Xiaomi on Wednesday, September 15, hosted an online event where it launched new variants of the 11 series, consisting of the 11 Lite 5G NE, 11T, and the headlining 11T Pro. These are the company’s first global line of phones to drop the long-running “Mi” branding from its name.
The 11T Pro features Xiaomi’s proprietary HyperCharge technology, a 120-watt (W) wired charging solution that Xiaomi claims can juice up the phone’s 5,000mAh battery from zero to 100% in just 17 minutes.
If we’re measuring speed by voltage alone, this is supposedly the fastest charging solution to ever be implemented on a commercially released phone. To put it into perspective, the original Mi 11 caps at 67W. Oppo has a 125W wired charging solution, but we have yet to see it implemented in a mass market handset.
Xiaomi’s 120W fast charging technology debuted on the Mi 10 Ultra and was later included on the Mix 4, which was recently launched in China. It’s nice to see Xiaomi implementing it in more of its phones, given how it’s already working on an improved 200W wired charging solution.
For those worried that such a feature could only accelerate the degradation of the battery, Xiaomi told The Verge that it only observed a 20% battery capacity loss after 800 charging cycles, which equals about two years worth of use.
The 11T also has a 5,000mAh battery, but it’s max charging voltage caps at 67W, the same as the Mi 11.
Maximizing the longevity of the 11T and 11T Pro’s functionality could prove to be a worthwhile task since Xiaomi also announced that it plans to extend Android software support for its phones starting with the 11T series. The two phones will receive three generations of Android system upgrades and four years of security patches.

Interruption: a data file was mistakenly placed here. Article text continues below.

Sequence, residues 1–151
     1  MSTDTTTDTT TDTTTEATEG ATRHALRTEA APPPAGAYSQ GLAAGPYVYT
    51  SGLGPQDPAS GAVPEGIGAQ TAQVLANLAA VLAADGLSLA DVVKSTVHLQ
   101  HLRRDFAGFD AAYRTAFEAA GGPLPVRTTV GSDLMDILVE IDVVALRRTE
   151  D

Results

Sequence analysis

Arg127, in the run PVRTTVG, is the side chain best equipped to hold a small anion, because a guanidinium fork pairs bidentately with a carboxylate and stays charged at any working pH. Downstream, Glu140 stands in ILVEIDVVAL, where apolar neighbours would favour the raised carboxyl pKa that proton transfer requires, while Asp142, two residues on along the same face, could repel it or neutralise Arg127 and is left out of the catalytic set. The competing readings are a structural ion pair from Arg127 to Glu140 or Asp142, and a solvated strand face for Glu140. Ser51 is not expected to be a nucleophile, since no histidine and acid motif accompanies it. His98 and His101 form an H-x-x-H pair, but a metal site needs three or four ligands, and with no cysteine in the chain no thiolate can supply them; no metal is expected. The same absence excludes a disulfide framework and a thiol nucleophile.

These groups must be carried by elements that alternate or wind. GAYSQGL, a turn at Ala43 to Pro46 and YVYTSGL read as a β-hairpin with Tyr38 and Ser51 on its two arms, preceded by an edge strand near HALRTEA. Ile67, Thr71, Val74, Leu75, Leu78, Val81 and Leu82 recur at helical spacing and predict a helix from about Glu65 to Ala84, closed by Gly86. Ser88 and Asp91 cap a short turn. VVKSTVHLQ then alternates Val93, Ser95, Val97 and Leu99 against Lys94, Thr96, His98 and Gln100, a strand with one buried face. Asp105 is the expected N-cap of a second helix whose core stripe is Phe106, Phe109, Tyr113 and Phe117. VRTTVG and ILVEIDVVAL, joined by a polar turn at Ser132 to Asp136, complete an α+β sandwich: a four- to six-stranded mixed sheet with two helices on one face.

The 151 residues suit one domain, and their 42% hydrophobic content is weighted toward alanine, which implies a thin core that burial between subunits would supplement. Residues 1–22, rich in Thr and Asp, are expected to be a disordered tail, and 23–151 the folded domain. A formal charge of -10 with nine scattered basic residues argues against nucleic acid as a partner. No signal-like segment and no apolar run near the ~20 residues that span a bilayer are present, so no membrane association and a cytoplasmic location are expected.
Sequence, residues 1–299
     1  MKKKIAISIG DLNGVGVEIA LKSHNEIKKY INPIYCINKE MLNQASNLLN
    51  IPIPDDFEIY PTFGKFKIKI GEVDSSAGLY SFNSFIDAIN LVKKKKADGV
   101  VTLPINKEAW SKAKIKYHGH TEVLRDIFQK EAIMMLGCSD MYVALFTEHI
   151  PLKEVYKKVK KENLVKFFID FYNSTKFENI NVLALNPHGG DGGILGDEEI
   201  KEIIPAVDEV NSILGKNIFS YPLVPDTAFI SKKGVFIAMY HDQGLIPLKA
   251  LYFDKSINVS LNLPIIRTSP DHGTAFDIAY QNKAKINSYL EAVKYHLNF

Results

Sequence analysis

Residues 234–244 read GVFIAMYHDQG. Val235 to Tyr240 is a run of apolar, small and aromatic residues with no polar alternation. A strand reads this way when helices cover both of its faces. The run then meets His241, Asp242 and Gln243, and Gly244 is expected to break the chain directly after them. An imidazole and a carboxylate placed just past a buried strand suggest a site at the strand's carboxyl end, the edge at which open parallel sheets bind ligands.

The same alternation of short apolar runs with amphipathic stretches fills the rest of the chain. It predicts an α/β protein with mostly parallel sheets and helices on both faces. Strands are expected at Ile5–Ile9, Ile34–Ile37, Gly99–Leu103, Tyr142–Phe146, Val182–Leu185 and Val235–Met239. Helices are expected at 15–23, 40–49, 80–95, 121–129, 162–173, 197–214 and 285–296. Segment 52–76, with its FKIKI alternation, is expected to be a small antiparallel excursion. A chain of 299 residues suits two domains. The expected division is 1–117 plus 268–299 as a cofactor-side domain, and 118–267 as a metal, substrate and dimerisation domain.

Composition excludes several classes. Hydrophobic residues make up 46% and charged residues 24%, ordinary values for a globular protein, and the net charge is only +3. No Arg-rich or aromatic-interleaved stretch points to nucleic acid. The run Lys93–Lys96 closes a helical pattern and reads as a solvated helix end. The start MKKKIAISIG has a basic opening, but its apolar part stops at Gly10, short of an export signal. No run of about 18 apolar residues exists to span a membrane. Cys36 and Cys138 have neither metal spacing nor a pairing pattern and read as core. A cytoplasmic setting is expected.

What’s good about this is that the 11T series can enjoy more software-based features down the line and be able to stay protected longer than usual, thereby allowing people who own these phones to hold onto them longer.
Android phones typically only get two to three years of software support. After that, they could possibly stop receiving security patches, making them vulnerable to attacks from hackers.
For cameras, the 11T and the 11T Pro ship with identical 108MP f/1.75 wide-angle cameras, 8MP f/2.2 ultra-wide angle cameras, and the 5MP f/2.4 telemacro cameras. The only difference between the two’s cameras: the 11T Pro can record videos in 8K resolution and HDR10+ format while the 11T tops out at 4K.
The chipsets of the two phones are different as well, with the 11T and the 11T Pro housing a Dimensity 1200 and Snapdragon 888 respectively.
Both similarly have 6.67-inch, 120Hz AMOLED displays with a punch-hole notch aligned to the center; 16MP f/2.5 selfie cameras; and 128GB and 256GB storage options. The two also come with 8GB of RAM, though the 11T Pro also has a 12GB option.
Alongside the two, the 11 Lite 5G NE was also announced. This is the sleeker, lightweight alternative of the Mi 11. It features a 6.55-inch, 90Hz display; a 64MP triple-rear camera setup; a Snapdragon 778G chipset; a 4,250mAh battery with 33W fast charging, and 5G connectivity.
Local release date and pricing have yet to be revealed. – Rappler.com
Kyle Chua writes about gadgets and games at Rappler, and at his own site, SolidStateNow.
More from SolidStateNow: “Extended software support: Why the two- to three-year upgrade cycle could be a thing of the past”
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